Recycling Waste Crystalline Silicon Photovoltaic Modules by Electrostatic Separation
- 24 Downloads
Photovoltaic (PV) modules contain both valuable and hazardous materials, which makes their recycling meaningful economically and environmentally. The recycling of the waste of PV modules is being studied and implemented in several countries. Current available recycling procedures include either the use of high-temperature processes, the use of leaching agents or a combination of both. In this study, waste of silicon-based PV modules are separated using an electrostatic separator after mechanical milling. An empirical study is used to verify if the separation works and to select and fix several parameters. Rotation speed of the roller and DC voltage are evaluated as a result of the separation of metals (silver and copper), silicon, glass, and polymers. The efficiency of metals’ separation is determined by acid leaching of the corresponding fractions followed by inductively coupled plasma optical emission spectrometry (ICP-OES); that of polymer separation is determined by mass difference due to combustion of the corresponding fractions; and those of glass and silicon quantities are determined by X-ray diffraction (XRD) followed by characterization using Rietveld quantitative phase analysis (RQPA). It is shown that the optimal separation is obtained under different operating voltages of 24 and 28 kV and a rotation speed of 30 RPM or higher. Furthermore, it is shown that there is no significant difference among the tested parameters. Results provide a new option in the recycling of waste of silicon PV modules that can and should be optimized.
KeywordsCrystalline silicon Electrostatic separation Material separation optimization Recycling Solar panel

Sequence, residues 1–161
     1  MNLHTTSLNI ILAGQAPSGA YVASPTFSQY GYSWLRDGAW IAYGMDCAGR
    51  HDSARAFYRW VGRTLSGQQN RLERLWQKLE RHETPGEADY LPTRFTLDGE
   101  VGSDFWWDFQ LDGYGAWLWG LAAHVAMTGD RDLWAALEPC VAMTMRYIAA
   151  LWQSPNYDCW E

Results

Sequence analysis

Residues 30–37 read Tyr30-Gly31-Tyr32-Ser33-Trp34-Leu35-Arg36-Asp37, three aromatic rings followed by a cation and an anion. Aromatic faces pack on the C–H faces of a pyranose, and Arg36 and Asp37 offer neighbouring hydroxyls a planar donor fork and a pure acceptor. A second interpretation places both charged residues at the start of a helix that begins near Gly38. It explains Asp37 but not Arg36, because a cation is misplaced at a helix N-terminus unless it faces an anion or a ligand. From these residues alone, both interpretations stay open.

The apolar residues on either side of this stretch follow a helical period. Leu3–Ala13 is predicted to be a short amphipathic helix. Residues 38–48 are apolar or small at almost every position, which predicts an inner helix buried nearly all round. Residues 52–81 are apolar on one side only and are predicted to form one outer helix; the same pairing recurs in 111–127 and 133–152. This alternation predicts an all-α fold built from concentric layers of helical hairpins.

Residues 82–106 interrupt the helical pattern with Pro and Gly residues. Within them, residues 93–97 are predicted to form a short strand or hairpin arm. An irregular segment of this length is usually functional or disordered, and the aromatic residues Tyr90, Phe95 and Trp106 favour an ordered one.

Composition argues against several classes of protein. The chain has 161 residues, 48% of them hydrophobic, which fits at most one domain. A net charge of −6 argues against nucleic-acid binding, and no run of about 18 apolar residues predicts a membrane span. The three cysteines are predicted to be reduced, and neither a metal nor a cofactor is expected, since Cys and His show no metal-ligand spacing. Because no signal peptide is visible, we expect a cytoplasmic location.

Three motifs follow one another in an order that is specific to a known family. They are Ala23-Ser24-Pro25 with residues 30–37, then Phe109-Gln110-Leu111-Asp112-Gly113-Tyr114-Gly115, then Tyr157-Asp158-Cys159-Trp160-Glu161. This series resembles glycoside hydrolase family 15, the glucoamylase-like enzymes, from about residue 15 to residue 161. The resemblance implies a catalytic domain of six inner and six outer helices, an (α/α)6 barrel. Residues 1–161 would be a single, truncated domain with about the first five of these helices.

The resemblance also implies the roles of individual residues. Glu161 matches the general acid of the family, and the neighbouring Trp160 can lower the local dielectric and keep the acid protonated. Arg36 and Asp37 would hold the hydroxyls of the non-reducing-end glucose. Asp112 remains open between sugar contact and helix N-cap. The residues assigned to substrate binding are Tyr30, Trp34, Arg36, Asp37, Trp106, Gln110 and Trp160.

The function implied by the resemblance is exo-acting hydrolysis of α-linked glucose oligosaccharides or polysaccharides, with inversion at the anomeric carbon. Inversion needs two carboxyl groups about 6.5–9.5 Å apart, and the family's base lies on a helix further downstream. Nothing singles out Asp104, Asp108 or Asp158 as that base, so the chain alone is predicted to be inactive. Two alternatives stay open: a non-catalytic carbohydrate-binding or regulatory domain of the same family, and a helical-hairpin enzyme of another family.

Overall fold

The authors are grateful to Capes, CNPq, FINEP, and FAPERGS (Brazil) for their financial support.
- 2.Kalogirou S (2009) Solar energy engineering: processes and systems, 1st edn. Elsevier, San DiegoGoogle Scholar
- 4.Weckend S, Wade A, Heath G (2016) End-of-life management: solar photovoltaic panels. National Renewable Energy Laboratory (NREL), GoldenGoogle Scholar
- 12.Radziemska E (2014) Recycling of photovoltaic solar cells and modules-the state-of-art. LAP LAMBERT Academic Publishing, SaarbruckenGoogle Scholar
- 13.Pinho JT, Galdino MA (2014) Engineering manual for photovoltaic systems retrieved from Rio de Janeiro: CEPEL—CRESESB. Manual de engenharia para sistemas fotovoltaicosGoogle Scholar
- 14.Hansen AD, Sorensen P, Hansen LH, Bindner H (2000) Models for a stand-alone PV system. Riso National Laboratory, RoskildeGoogle Scholar
- 16.Bruton TM (1994) Re-cycling of high value, high energy content components of silicon PV modules. In: Proceedings of 12th EC-PVSEC, pp 459–463Google Scholar
- 35.ERIEZ (2013) MMPM-618C Installation operation maintenance manual—laboratory electrostatic separator; high tension roll (HTR) separatorGoogle Scholar
- 37.Lutterotti L, Matthies S, Wenk H-R (1999) MAUD (material analysis using diffraction): a user friendly Java program for Rietveld texture analysis and more. In: Proceeding of the twelfth international conference on textures of materials (ICOTOM-12). NRC Research Press, Ottawa, p 1599Google Scholar
- 38.Young RA (1995) The Rietveld Method. Oxford University Press, OxfordGoogle Scholar
- 39.Bansal NP, Doremus RH (2013) Handbook of glass properties. Elsevier, New YorkGoogle Scholar